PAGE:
February means love and Black history, so join Gretchen and Leigh as they celebrate both by diving into into the life and work of civil rights activist Bayard Rustin! Due to his being gay, Rustin’s role as advisor to Martin Luther King, Jr. and in organizing the 1963 March on Washtington was actively erased for several decades. Fortunately, he’s been gaining more recognition in recent years and both queer history and civil rights history is actively recovering his memory and legacy. Whether it be for his pacifism, being gay, protesting all over the world, or riding a bus, Rustin was arrested over 25 times. He was a man who stood up for injustice wherever he saw it, even in prison! So join us as we talk about one of the most impactful but least well-known activists of the civil rights movement.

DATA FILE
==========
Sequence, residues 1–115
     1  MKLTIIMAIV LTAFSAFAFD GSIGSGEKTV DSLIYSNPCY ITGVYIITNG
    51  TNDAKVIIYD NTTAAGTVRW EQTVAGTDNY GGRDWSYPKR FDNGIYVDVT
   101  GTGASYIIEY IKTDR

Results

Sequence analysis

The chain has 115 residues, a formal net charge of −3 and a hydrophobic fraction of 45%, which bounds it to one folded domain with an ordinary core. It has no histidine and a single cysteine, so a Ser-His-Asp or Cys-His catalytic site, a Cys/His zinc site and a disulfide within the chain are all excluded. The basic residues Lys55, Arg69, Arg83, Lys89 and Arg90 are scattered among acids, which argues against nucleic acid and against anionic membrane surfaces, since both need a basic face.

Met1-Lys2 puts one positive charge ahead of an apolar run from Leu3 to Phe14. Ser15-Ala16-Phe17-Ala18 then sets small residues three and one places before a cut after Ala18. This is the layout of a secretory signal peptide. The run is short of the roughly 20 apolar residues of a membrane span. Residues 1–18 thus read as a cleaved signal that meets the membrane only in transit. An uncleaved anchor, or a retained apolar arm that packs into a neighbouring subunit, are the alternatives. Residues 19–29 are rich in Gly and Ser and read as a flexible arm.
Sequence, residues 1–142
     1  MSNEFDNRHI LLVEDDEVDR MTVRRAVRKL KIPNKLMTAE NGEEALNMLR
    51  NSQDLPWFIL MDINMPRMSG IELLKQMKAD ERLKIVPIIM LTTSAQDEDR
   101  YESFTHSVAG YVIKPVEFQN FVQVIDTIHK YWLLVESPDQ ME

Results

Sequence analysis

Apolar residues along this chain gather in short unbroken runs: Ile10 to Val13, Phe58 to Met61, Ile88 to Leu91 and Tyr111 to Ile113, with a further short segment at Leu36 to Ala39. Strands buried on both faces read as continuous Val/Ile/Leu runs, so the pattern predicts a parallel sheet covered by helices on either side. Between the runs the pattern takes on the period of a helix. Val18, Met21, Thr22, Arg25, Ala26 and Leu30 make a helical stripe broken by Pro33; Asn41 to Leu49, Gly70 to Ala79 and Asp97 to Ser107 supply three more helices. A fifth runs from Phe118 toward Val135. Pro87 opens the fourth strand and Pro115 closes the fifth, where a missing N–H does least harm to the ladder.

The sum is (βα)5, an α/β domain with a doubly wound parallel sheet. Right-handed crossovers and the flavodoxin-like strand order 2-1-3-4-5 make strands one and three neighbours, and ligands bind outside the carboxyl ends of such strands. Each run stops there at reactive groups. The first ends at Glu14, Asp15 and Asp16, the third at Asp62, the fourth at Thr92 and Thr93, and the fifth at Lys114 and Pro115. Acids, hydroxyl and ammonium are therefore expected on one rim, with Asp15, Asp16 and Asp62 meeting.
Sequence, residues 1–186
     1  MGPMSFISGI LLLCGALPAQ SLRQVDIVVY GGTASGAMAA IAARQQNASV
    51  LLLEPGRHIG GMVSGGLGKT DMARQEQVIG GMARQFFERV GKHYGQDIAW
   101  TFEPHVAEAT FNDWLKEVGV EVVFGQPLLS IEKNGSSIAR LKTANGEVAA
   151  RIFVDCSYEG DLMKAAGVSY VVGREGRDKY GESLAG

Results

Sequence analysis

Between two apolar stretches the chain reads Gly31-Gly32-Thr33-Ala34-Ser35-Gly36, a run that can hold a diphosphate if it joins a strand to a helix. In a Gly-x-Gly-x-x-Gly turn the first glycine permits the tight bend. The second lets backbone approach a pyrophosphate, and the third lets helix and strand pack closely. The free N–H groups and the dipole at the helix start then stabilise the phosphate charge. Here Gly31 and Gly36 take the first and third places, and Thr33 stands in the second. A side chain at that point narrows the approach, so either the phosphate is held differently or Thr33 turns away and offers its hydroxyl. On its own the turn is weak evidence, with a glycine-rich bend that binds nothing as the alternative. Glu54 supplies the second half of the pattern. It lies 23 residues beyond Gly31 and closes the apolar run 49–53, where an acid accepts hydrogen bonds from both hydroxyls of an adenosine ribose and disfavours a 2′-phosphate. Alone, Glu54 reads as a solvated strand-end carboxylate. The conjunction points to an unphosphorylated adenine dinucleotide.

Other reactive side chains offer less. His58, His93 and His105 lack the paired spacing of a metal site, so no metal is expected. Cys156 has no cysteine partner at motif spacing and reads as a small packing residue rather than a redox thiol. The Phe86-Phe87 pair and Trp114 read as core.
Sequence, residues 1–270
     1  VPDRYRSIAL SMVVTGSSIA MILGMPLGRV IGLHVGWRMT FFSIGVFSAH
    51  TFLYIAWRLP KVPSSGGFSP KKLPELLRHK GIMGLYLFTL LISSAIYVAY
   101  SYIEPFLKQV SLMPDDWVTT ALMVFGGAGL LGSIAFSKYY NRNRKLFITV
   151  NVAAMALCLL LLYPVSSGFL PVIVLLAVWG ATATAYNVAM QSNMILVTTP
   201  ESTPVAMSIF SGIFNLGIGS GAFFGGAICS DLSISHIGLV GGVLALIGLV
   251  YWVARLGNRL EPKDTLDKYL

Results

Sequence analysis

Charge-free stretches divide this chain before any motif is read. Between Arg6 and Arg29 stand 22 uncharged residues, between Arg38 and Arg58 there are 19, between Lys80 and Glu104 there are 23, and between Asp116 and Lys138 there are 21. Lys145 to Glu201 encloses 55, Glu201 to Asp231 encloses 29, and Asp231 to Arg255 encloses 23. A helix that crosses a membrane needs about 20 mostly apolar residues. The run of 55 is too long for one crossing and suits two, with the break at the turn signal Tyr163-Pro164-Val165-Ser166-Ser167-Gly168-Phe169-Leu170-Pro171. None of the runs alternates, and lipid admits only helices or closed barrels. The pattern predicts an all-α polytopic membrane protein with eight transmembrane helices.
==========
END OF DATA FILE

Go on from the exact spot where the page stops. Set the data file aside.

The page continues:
A Closer Look at Bayard Rustin
If you want to learn more about Bayard Rustin, check out our full list of sources and further reading below!
Books and Print Articles:
Bayard Rustin: Behind the Scenes of the Civil Rights Movement by James Haskins
Bayard Rustin: Troubles I’ve Seen, A Biography by Jervis Anderson
Queer, There, and Everywhere by Sarah Prager
Time on Two Crosses: The Collected Writings of Bayard Rustin, ed. By Devon W. Carbado and Donald Weise
“Remembering Bayard Rustin” by John D’Emilio, in the OAH Magazine of History, Vol. 20, No. 2, History is Sexuality (March 2006)
“Humanrights Hero: Remembering Bayard Rustin” by Walter Neagle, in Human Rights, Vol. 40, No. , The Fierce Urgency of Now: 50 YEARS LATER
“Bayard Rustin’s Brief Encounters with Higher Education”, in The Journal of Blacks in Higher Education, No. 16
Videos, Interviews, and Other Audio-visual Media: